I often encouraged patients who had suffered heart attacks to bring their children with them to my office so that I could utilize the parent’s unfortunate situation as a teaching moment. I wanted to help instill the message of a healthy lifestyle in the young peoples’ psyches. We are never totally certain about the extent with which genetics play a role in disease, but to the extent that there is a predisposition, it is important to reduce that influence through healthy living. And even if genetics doesn’t play a role, lifestyle certainly does.
I have always nagged my patients about the need to foster a healthy lifestyle in order to minimize and reverse their ailments. For many of them, it was a real struggle. My message to them, and the kids who came, was always the same: Prevention is always easier. Much easier.
It’s Never Too Late or Too Early for Healthy Living
I also told my patients that it’s never too late to start a healthy lifestyle, even if you are someone in your seventies and eighties. And, for sure, it’s never too early. Clearly, “as early as possible” is the best time to incorporate healthy habits into your routine. Anti-aging and prevention actually can actually start in the womb and early childhood, as research clearly shows.
Several studies published in the American Journal of Clinical Nutrition make a strong case for healthier food choices by moms-to-be and mothers of toddlers. Children naturally prefer sweet and salty tastes and shy away from healthier fare, however, they can be distinctly influenced by maternal food decisions and the home environment. (And grandparents…you’re not off the hook here… even though you may love the reactions you get by giving sweet treats, you also can play a role in setting your loved ones up for a healthier lifestyle.)
One study showed that moms-to-be who consume healthy foods help their children get off to a healthier start because the flavors are transmitted from the maternal diet to the amniotic fluid and mother’s milk. Moreover, breastfed infants are more accepting of these flavors. By contrast, infants who are fed formula learn to prefer its unique flavors and may have a harder time initially with flavors not found in formula, such as those in fruits and vegetables. The researchers also noted, “Regardless of early feeding mode, infants can learn through repeated exposure and dietary variety if caregivers focus on the child’s willingness to consume a food and not just the facial expressions made during feeding.” Just keep offering healthy choices, parents, grandparents, and nannies…hopefully they will become acquired tastes.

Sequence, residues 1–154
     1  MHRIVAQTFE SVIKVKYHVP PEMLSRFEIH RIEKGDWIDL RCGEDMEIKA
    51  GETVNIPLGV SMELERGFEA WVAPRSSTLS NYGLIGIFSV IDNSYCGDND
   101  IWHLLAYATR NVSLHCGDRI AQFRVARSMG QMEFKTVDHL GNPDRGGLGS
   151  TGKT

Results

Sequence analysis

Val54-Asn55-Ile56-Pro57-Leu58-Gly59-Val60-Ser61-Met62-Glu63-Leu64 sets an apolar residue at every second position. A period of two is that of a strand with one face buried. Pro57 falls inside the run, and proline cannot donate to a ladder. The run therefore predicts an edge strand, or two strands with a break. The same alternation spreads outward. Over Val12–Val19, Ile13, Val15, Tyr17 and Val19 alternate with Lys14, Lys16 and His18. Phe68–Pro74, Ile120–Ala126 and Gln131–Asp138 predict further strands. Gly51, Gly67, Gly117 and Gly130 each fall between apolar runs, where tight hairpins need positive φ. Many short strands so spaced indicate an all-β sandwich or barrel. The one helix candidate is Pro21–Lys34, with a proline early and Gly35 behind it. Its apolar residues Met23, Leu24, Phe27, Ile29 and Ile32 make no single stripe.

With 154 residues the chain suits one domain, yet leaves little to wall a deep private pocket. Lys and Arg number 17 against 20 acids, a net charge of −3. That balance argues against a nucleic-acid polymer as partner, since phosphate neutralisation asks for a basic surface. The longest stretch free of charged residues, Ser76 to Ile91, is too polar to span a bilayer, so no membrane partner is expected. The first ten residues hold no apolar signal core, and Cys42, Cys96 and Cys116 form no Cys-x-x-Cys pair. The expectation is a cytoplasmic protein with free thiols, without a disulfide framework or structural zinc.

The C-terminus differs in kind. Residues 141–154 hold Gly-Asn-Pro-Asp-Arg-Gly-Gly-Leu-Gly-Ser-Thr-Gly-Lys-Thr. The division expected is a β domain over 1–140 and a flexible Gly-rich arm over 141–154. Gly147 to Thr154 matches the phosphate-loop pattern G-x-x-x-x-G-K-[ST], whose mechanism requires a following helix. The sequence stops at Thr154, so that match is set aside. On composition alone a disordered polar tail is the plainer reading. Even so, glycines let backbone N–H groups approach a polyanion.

Another study endorses the view that the home environment is the major factor influencing children’s attraction to energy-dense (sugary) foods that cause excessive weight gain. A third study concludes that by the time youngsters reach the age of two, they have essentially completed the transition to ‘table foods’ and are consuming diets similar to other family members.
The importance of healthy food intake at an early age is reinforced by another study showing that excess consumption of sweets, in the form of added sugars from processed foods, can generate the beginnings of cardiovascular risks among children aged seven to twelve. Specifically, the researchers from the University of Colorado noted, increased intake of added sugars resulted in elevated blood pressure and triglycerides (a blood fat).